November 19, 2019 – Accurate EV Quantification
Spectradyne was pleased to participate in the inaugural event of the Extracellular Vesicle (EV) Working Group on October 29, 2019 at the Research Institute of the McGill University Health Centre (RI-MUHC) in Montreal, Canada. We would like to thank our hosts, Dr. Janusz Rak and Dr. Peter Metrakos of McGill for the invitation to sponsor, and for assembling a group of scientists advancing such exciting work in the field of extracellular vesicles from across Quebec.
One special aspect of this meeting was that the organizers intentionally and successfully created a we’re-all-still-learning atmosphere that allowed scientists that are new to extracellular vesicle research to present their work to an open-minded audience. This environment allowed for creative and supportive discussion between the more experienced EV researchers and the newly minted ones, and also provided a safe space for discussing areas of disagreement.
In fact, a 30-minute panel discussion chaired by Dr. Rak was included in the morning agenda to discuss controversies in the field-and as a new and rapidly expanding field, extracellular vesicle research turned out to have more than 30 minutes’ worth of controversies to talk about!
One fire-starting topic that Spectradyne has spoken on at many venues, including in this blog, and is always happy to discuss more, is the importance of using orthogonal methods to quantify extracellular vesicles. Now, because the Minimal Information for Studies of Extracellular Vesicles 2018 (MISEV 2018) guidelines clearly require using at least two techniques to quantify vesicles, you might not think this would be such a hot-button issue. However, relying on a single method such as Nanoparticle Tracking Analysis (NTA) to quantify extracellular vesicles is still commonplace in the field. And despite a growing awareness of its critical limitations, many researchers are still surprised when they find out that Nanoparticle Tracking Analysis is in fact grossly misrepresenting the content of their samples.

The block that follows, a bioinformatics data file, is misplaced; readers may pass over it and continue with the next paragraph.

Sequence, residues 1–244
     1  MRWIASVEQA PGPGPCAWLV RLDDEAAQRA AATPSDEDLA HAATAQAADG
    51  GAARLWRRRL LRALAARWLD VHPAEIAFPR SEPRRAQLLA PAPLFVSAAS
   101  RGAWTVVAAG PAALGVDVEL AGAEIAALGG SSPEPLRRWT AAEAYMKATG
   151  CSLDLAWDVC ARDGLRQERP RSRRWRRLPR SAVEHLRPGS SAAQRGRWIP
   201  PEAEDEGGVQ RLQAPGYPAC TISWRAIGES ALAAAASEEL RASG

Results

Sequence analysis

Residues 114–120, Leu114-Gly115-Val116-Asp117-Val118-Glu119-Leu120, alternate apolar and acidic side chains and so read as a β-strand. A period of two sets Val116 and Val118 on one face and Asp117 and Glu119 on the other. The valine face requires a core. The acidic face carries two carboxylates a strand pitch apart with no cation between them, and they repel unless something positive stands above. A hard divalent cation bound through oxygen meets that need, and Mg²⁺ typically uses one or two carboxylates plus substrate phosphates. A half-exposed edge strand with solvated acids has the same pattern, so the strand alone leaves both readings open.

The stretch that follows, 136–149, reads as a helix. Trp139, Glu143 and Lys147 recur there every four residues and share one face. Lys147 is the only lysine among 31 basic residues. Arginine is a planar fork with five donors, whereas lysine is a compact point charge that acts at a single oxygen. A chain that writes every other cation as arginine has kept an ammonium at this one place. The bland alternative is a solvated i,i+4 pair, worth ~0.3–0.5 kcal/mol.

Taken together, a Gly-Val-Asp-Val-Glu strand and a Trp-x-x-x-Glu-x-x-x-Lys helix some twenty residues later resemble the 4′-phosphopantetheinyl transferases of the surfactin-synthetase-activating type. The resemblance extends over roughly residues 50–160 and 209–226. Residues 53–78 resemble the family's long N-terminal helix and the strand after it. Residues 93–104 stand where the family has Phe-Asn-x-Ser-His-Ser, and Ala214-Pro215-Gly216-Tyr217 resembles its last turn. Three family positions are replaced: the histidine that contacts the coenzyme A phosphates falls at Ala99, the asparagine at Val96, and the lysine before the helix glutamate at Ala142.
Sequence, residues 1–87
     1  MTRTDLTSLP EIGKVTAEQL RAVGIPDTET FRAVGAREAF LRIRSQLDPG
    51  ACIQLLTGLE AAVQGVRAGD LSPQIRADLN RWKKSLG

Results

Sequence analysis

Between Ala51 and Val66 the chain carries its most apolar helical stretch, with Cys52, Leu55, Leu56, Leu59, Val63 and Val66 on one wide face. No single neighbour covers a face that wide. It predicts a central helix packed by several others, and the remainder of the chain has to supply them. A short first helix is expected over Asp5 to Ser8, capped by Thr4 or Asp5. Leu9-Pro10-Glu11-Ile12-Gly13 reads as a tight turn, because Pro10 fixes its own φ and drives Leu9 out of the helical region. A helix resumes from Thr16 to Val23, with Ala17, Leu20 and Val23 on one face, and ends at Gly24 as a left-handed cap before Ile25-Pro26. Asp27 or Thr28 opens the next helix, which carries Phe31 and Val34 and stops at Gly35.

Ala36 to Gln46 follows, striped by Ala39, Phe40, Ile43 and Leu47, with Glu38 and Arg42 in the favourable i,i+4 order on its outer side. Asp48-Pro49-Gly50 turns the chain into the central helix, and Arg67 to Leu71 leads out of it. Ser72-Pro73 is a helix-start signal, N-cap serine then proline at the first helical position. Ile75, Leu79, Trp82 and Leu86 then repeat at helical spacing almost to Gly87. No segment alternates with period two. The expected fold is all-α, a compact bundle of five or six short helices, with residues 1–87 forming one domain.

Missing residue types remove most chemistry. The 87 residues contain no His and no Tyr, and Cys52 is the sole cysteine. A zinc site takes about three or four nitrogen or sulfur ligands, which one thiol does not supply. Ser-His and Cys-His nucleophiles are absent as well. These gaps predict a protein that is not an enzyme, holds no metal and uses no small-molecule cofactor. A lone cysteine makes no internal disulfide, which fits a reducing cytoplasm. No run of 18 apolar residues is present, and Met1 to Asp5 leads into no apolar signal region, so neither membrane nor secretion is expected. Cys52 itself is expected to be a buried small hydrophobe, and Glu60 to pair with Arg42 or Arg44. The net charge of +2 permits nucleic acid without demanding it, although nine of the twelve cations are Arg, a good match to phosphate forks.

Why does accurate quantification of extracellular vesicles matter?
Here’s an example: Suppose a researcher would like to compare the therapeutic effect of EVs or other nanoparticles such as liposomes or gene therapy vectors that have been prepared with different methods. Each therapeutic agent is to be applied to a biological replicate of a test system (e.g., cultured cells) and the response of that system is to be quantified by measuring certain parameters such as viability, cell morphology, differentiation activity, or other indicator. What scientist, given the technology to do so, would consider performing such an experiment without first measuring the dose of each product that was applied? Without controlling for the quantity of therapeutics agent applied to the test system, important differences between the effectiveness of the different preparations may remain hidden by excess variability.
No matter the downstream measurement, extracellular vesicle concentration is always a critical experimental variable and must be carefully controlled to ensure clear experimental outcomes. Learn more about how our technology delivers this ability here.
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